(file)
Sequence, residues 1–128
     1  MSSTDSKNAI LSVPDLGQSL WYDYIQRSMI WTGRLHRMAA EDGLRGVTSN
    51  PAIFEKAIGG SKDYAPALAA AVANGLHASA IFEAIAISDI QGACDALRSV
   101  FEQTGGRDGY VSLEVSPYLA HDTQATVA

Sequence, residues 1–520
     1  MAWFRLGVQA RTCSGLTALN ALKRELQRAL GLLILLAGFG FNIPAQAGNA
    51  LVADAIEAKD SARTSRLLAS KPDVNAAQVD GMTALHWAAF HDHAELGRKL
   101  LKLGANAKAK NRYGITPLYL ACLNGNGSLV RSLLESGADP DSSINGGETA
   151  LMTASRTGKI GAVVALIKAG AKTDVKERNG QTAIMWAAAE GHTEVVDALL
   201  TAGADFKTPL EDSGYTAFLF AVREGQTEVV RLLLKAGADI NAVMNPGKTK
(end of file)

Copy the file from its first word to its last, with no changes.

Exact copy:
Sequence, residues 1–128
     1  MSSTDSKNAI LSVPDLGQSL WYDYIQRSMI WTGRLHRMAA EDGLRGVTSN
    51  PAIFEKAIGG SKDYAPALAA AVANGLHASA IFEAIAISDI QGACDALRSV
   101  FEQTGGRDGY VSLEVSPYLA HDTQATVA

Sequence, residues 1–520
     1  MAWFRLGVQA RTCSGLTALN ALKRELQRAL GLLILLAGFG FNIPAQAGNA
    51  LVADAIEAKD SARTSRLLAS KPDVNAAQVD GMTALHWAAF HDHAELGRKL
   101  LKLGANAKAK NRYGITPLYL ACLNGNGSLV RSLLESGADP DSSINGGETA
   151  LMTASRTGKI GAVVALIKAG AKTDVKERNG QTAIMWAAAE GHTEVVDALL
   201  TAGADFKTPL EDSGYTAFLF AVREGQTEVV RLLLKAGADI NAVMNPGKTK